As believers in Christ, we all intend to build our life with hope, joy, and faith. Brian shows us that there are two paths we can take in this life: the first is the road of deceit and self-deception that ends in death. It has pitstops and long residencies in manipulation, lying and adultery. The second path is the road of integrity and truth that ends in life. It lingers in and develops self-sacrifice, love, and self-awareness. This second path teaches us that we discover who we are when we are loved for who we are. Brian never allowed anyone to love him for who he truly was, and he never even allowed himself to love himself as he was—warts and all.
Brian doesn’t see that our physical world with its longings and passions is but a picture book of the greater spiritual realities that tug at his heart. Our gifts and abilities and talents are shadows pointing to greater spiritual realities. Brian mistook his many talents for divinity. He mistook the shadow for the real thing. He is imago Dei, but he is not God.
The Bible teaches that the universe is a stick-figure picture book to show us the great Reality of God. We humans live inside the picture book of the universe as the crowing act of creation. Our many abilities are shadows of a greater, spiritual reality—we are created in the image of God; we ourselves are not God.
Imagine a children’s book illustrating each alphabet letter with a corresponding word. Imagine you have never actually seen a duck, which is the photo for the letter D. Seeing the photo of the duck is not the same thing as actually experiencing the duck. Knowing it’s not a donkey, a donut or a dandelion is not enough to know what a duck is. If you have never seen a duck in real life, you cannot say that the picture book is a satisfactory substitute. The picture book is only a sample of the true Reality, a stick-figure shadow of it. The universe points to the Reality of God, but it is not the same thing as experiencing God in His fullness. How tragic it would be to be content with the picture book when Reality awaits! Brian has mistaken the 2D-flat rendition of the duck for the real thing; he has confused his many-talents imago dei identity with being dei–being God.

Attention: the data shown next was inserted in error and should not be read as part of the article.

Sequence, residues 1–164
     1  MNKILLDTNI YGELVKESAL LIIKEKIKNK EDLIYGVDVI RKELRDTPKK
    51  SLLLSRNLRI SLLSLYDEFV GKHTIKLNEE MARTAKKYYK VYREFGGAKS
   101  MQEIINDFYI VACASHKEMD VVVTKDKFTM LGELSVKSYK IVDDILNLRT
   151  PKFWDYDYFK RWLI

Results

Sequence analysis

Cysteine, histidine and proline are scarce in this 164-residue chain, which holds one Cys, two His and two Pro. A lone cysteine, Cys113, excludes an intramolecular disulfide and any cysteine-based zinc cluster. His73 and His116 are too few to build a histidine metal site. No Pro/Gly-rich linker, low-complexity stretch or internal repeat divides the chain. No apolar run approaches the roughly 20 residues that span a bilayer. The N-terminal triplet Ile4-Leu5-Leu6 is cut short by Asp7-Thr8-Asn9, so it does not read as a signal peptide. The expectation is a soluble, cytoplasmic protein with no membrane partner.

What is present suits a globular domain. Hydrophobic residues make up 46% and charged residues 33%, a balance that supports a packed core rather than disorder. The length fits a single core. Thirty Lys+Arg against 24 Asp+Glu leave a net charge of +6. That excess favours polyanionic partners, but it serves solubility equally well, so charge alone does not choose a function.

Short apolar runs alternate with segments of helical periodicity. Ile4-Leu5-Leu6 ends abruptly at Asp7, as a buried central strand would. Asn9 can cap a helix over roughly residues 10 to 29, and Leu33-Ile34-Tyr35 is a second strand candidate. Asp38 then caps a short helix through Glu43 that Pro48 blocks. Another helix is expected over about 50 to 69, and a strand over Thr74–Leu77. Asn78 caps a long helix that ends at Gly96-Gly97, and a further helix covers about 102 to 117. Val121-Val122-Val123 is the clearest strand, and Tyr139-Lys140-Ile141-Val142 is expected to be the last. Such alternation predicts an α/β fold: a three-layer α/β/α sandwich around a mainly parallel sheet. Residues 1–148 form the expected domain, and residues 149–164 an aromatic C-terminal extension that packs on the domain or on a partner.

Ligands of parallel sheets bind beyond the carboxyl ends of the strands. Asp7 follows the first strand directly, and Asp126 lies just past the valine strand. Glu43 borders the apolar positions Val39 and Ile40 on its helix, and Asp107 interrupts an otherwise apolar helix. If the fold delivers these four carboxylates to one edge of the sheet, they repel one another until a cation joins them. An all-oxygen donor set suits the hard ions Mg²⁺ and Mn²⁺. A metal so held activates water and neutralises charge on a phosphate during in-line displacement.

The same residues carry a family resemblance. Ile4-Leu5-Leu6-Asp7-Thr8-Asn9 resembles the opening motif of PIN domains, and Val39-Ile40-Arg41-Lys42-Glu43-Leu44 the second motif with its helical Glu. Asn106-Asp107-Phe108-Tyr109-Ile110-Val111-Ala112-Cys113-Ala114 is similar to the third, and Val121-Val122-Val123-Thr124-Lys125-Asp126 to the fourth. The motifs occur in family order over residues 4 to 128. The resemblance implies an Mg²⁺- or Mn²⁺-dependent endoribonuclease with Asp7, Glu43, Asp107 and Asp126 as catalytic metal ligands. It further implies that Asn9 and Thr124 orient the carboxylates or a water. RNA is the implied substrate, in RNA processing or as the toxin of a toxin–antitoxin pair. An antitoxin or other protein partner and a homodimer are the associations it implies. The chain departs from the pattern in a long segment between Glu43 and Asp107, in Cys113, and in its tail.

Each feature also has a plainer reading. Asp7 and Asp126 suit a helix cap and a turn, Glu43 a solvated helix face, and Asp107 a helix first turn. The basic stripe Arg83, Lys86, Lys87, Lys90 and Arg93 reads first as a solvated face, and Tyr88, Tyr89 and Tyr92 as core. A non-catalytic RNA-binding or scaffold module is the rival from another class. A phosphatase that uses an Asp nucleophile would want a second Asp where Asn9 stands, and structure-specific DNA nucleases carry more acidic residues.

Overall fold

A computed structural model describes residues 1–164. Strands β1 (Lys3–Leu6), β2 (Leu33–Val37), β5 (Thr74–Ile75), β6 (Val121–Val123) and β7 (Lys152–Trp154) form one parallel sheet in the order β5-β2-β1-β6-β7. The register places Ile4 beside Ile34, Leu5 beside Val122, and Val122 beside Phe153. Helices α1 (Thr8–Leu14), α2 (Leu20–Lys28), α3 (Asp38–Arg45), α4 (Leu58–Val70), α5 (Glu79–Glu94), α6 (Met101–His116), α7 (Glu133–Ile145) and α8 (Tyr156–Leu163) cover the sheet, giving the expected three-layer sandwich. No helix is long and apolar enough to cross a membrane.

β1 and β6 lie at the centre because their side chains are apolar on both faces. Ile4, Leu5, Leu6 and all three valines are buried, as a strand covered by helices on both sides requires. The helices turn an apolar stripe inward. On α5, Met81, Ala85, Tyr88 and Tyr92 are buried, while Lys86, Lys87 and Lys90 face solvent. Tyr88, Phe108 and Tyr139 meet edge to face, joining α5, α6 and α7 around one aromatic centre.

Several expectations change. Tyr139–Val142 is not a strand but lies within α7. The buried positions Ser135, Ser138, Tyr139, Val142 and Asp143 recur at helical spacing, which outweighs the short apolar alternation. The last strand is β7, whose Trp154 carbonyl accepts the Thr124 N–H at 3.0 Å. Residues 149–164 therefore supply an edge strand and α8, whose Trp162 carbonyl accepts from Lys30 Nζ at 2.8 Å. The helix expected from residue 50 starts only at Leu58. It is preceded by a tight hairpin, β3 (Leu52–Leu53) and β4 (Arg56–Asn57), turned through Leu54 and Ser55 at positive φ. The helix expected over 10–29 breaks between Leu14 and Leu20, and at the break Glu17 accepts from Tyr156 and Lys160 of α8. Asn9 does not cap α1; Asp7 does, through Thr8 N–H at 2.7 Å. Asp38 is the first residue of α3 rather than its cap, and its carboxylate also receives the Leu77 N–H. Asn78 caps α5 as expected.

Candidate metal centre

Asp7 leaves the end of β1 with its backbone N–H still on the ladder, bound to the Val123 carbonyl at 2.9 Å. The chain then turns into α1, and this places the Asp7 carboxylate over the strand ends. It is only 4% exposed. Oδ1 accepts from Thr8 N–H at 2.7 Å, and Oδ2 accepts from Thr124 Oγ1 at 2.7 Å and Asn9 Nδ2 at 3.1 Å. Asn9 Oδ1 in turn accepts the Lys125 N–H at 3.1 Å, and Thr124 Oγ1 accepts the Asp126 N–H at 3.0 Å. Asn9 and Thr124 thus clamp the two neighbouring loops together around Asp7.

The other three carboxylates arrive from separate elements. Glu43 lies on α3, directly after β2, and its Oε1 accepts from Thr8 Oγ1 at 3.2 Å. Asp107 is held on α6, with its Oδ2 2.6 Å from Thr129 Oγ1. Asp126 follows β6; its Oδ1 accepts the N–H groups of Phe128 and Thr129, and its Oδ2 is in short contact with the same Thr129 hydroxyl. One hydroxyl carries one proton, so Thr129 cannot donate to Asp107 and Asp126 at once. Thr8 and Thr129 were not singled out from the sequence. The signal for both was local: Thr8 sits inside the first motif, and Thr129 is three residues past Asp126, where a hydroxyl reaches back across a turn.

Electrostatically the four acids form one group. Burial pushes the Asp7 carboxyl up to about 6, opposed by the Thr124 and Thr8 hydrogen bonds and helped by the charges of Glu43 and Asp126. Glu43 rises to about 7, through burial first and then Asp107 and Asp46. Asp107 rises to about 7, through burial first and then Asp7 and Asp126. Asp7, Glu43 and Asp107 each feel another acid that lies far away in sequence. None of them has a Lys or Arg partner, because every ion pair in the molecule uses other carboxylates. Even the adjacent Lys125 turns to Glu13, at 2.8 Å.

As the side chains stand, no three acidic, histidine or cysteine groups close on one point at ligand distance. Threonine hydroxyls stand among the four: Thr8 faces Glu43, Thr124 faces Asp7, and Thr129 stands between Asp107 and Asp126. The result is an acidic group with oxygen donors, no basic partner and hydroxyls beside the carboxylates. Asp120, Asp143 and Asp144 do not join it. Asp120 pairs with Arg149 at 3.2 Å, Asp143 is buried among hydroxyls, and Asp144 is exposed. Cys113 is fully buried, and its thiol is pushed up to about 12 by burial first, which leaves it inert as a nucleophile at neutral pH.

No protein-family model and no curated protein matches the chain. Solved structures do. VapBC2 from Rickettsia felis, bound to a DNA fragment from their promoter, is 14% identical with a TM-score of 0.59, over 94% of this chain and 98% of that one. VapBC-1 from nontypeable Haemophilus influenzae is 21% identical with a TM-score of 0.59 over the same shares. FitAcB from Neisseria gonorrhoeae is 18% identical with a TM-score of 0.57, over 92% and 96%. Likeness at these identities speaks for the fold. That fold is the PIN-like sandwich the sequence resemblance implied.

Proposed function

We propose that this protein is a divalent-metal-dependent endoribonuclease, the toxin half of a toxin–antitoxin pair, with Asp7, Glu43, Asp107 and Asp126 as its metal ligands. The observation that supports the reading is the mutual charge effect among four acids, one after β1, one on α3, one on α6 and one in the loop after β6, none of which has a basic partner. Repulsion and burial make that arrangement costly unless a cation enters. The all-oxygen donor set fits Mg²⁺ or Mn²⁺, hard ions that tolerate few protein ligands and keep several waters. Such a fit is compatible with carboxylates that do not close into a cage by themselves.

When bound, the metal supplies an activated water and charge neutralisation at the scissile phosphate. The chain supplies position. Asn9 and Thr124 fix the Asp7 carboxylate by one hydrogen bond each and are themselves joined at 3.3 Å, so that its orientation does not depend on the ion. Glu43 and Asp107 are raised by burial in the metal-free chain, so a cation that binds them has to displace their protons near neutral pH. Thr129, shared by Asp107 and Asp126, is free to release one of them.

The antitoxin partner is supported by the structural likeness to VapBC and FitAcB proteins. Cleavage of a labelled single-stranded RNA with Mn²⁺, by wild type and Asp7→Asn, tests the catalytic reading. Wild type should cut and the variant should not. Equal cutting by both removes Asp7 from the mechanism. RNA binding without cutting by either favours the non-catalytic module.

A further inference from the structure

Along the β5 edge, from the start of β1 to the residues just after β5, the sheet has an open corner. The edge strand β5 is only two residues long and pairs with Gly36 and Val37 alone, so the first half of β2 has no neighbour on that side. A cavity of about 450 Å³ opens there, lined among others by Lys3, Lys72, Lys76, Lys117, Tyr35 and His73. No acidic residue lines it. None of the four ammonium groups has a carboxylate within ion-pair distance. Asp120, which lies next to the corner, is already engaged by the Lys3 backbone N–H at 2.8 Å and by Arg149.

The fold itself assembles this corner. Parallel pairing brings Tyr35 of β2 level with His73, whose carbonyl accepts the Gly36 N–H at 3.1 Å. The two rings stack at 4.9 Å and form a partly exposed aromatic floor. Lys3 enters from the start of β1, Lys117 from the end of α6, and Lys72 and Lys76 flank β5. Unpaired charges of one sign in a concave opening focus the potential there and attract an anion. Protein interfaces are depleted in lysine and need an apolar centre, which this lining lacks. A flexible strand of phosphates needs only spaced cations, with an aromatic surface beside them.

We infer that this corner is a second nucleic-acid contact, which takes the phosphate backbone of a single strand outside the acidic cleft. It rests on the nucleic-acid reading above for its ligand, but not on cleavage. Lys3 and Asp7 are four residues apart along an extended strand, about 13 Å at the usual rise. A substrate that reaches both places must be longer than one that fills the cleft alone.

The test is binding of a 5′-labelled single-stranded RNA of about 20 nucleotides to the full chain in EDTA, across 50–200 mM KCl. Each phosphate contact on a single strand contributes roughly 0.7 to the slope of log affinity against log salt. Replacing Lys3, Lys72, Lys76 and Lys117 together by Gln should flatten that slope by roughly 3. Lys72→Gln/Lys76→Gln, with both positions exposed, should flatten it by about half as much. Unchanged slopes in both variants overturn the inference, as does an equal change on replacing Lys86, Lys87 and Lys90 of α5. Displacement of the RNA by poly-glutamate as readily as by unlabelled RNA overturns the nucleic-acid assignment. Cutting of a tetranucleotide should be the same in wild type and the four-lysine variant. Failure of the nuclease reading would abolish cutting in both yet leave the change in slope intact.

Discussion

We have not yet experienced complete Reality. God is much more real, tangible and weighty than anything we have ever experienced on this side of the picture book. Unlike Brian, let us keep the eyes of our faith on the true foundation of our hope and joy.
None of us has ever experienced the fullness of the presence of God. And yet, in Christ, the Holy Spirit beckons us through wisdom to peek over the edge of the page into the glorious, bottomless infinity of God’s weighty glory and presence. Heaven and the material universe meet in Christ Jesus: God “has spoken to us by his Son, whom he appointed heir of all things, and through whom also he made the universe. The Son is the radiance of God’s glory and the exact representation of his being, sustaining all things by his powerful word” (Hebrews 1:2b-3a, NIV). Christ is pure and glorious and enthralling and intoxicating with otherworldly beauty. He makes Himself ours, and He calls us His beloved, His cherished, His bride. That is the foundation of our identity. It is the only solid ground for life-giving, long-lasting, true-Reality hope, and faith, and joy.